Ishige okamuraeDiphlorethohydroxycarmal-ol (Phlorotannin)Inhibits the IL-6 production and expression of NF-κB in murine macrophage RAW 264.7 cells.[151]
Fucus distichusPhlorotannin subfractionReduces TNF-α, IL-10, MCP-1 and COX-2 expression.[152]
Dinoflagellates
(Protoceratium reticulatum, Lingulodinium polyedrum, Gonyaulax spinifera)
Yessotoxin (Polyketide)Inhibits macrophage phagocytosis and TNF-α, MIP-1α & MIP-2 expression.[153,154]
Laurencia claviformis, Laurencia filiformis, Laurencia tasmanica,
Laurencia undulata
Pacifenol (Terpenoid)Anti-inflammatory activity, reduces the production of leukotriene B4 (LTB4) and thromboxane B2 (TXB2).[155,156]
Stypopodium flabelliformeEpitaondiol (Terpenoid)Anti-inflammatory effects, inhibits the release and modulation of the COX pathway eicosanoids (LTB4 and TXB2).[157,158]
Lobophora variegataLobophorins (Macrolides)Anti-inflammatory properties.[159]
Cymopolia barbataBromohydroquinones
cymopol and cyclocymopol
Bee venom sPLA2 inhibitory activity.[160]
Stypoposium flabelliformeMeroterpene epitaondiolPotent anti-inflammatory agent with strong activity on TPA induced ear oedema in mice and human neutrophils.[161]
Vidilia obtusalobaBromophenols vidalolsBee venom sPLA2 inhibitory activity.[162]
COX, cyclooxygenase; IFN, interferon; IL, interleukin; JNK, c-Jun NH2-terminal kinase; IgE, immunoglobulin E; iNOS, inducible nitric oxide synthase; LKB4; leukotriene B4; LPS, lipopolysaccharide; MAPK; mitogen-activated protein kinase; MCP-1, monocyte chemoattractive protein-1; MIP, macrophage inflammatory protein; NF-kB, nuclear factor-κB; NO, nitric oxide; PGE2, prostaglandin E2; PLA2, phospholipase A; t-BHP, tert-butylhydroperoxide; TLR, toll-like receptor; TNF, tumour necrosis factor; TPA, 12-O-tetradecanoylphorbol13-acetate; TXB2, thromboxane B2.
Semivioxanthin (Figure 1, 14) from marine derived fungi are found to regulate the production of TNF-α and upregulate the expression of MHC II, CD80, and CD86 [163]. Brevicompanine E (Figure 1, 15) isolated from the oceanic fungus Penicillium sp. is potentially useful for modulating neuroinflammation by attenuating NF-κB and activator protein-1 (AP-1) activity in LPS-induced microglia [164]. Brevicompanine E (Figure 1, 15) inhibits LPS-induced IκBα degradation and NF-κB nuclear translocation, and represses phosphorylation of c-Jun NH2-terminal kinase (JNK) and Akt (serine/threonine-specific protein kinase) [164]. Azonazine (Figure 1, 16) hexacyclic dipeptide obtained from the Hawaiian marine sedimentary fungus Aspergillus insulicola exhibits anti-inflammatory activity by inhibiting the production of NF-κB [165]. Three isocoumarins, (Figure 1, 17) dichlorodiaportintone, desmethyldichlorodiaportintone, and desmethyldichlorodiaportinol, from the marine mangrove endophytic fungus, Ascomycota sp. CYSK-4, produce anti-inflammatory activity by inhibiting LPS-induced NO production in RAW 264.7 cells [166]. An anthraquinone derivative, questinol (Figure 1, 18), isolated from the fungus Eurotium amstelodami exhibits an anti-inflammatory effect by significantly inhibiting prostaglandin E2 (PGE2) and NO production in LPS-stimulated RAW 264.7 cells. The production of pro-inflammatory cytokines, including IL-1, IL-6 and TNF-α is inhibited and inducible nitric oxide synthase (iNOS) expression levels suppressed in a dose-dependent manner [167]. Some representative immunomodulatory and anti-inflammatory chemical constituents isolated from marine fungi are listed in Table 5.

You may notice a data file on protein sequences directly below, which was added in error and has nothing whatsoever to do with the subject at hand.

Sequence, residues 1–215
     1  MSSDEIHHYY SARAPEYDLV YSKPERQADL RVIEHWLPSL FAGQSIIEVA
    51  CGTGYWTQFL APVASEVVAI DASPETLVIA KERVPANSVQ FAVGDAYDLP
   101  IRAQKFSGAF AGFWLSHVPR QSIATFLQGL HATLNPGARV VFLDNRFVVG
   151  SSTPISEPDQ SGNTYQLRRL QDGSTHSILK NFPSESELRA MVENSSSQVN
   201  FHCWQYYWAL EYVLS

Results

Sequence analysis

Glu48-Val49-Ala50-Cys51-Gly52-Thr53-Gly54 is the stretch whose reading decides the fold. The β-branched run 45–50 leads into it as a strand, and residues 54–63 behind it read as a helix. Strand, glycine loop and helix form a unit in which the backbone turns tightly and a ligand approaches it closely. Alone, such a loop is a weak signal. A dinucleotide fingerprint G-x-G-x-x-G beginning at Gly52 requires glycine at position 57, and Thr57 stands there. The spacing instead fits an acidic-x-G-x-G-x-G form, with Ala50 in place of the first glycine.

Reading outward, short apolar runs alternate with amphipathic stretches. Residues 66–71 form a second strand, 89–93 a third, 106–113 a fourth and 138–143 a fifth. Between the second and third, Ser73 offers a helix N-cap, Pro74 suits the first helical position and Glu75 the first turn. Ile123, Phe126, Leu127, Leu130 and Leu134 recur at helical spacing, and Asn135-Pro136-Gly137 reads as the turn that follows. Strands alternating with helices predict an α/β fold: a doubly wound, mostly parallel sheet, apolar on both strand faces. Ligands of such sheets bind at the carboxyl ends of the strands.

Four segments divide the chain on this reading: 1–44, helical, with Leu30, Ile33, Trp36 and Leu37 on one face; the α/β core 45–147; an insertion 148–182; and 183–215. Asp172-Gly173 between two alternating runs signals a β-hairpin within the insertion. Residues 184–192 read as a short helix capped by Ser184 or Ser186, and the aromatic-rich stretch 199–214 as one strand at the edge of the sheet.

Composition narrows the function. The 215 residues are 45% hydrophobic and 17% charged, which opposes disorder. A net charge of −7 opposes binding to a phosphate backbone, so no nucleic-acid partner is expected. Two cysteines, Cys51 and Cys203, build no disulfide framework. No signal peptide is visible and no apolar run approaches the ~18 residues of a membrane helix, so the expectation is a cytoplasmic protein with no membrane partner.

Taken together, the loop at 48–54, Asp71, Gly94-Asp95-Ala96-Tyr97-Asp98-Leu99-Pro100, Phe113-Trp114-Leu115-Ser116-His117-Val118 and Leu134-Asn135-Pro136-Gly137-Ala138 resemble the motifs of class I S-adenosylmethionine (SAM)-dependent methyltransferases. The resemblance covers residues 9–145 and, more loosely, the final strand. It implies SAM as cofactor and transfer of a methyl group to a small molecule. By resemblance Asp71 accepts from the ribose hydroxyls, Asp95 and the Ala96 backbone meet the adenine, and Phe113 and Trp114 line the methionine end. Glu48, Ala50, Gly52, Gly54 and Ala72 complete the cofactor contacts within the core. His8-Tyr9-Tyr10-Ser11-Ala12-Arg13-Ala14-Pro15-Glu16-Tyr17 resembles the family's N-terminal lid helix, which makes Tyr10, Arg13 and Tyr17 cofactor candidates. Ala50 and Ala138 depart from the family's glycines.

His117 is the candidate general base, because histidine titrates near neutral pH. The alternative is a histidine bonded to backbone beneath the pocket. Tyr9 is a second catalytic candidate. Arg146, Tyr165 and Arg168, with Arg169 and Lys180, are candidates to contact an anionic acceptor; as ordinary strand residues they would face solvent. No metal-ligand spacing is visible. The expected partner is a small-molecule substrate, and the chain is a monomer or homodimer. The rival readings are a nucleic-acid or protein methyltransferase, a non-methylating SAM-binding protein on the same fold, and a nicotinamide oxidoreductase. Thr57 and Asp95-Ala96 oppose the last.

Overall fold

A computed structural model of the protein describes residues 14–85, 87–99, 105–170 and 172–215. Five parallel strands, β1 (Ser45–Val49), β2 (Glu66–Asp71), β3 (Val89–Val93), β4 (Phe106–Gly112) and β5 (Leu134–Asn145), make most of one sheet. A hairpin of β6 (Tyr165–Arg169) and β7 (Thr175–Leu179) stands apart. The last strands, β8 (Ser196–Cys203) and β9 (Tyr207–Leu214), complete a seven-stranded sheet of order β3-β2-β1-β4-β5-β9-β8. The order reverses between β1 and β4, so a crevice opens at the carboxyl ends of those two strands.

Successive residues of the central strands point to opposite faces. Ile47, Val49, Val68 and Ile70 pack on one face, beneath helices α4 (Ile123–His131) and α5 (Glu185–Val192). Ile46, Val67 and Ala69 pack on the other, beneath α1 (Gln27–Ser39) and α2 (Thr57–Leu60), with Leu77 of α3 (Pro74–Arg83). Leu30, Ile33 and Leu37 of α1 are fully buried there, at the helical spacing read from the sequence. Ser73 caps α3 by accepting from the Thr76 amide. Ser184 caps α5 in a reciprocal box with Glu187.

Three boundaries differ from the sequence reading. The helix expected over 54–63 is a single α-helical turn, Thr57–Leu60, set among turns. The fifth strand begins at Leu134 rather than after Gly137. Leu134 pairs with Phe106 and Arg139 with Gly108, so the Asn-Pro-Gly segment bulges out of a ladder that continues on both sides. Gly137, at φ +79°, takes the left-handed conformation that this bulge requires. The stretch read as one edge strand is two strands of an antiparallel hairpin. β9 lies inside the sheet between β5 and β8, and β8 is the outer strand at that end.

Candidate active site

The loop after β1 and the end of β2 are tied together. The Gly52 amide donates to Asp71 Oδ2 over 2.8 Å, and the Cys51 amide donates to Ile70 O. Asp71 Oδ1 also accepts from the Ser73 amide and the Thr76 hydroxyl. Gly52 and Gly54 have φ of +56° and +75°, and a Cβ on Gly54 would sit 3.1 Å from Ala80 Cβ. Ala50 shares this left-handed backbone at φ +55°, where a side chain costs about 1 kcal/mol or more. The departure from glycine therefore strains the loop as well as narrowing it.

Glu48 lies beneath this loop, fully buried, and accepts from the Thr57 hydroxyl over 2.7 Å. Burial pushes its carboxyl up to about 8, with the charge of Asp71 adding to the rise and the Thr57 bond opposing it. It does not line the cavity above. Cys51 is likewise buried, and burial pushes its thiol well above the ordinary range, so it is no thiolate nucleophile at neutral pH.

Apart from their economic importance, fungi have been utilized as food, usually collected from their fruiting bodies, mushrooms. Some mushrooms can stimulate the immune system, modulate cellular and humoral immunity, and potentiate anti-tumorigenic activity, and potentially rejuvenate immune systems weakened by the chemotherapy and radiotherapy used for cancer treatment. This ability of mushrooms therefore qualifies them as candidates for immunotherapy in cancer and other diseases [168].

2.6. Mangroves and Other Higher Plants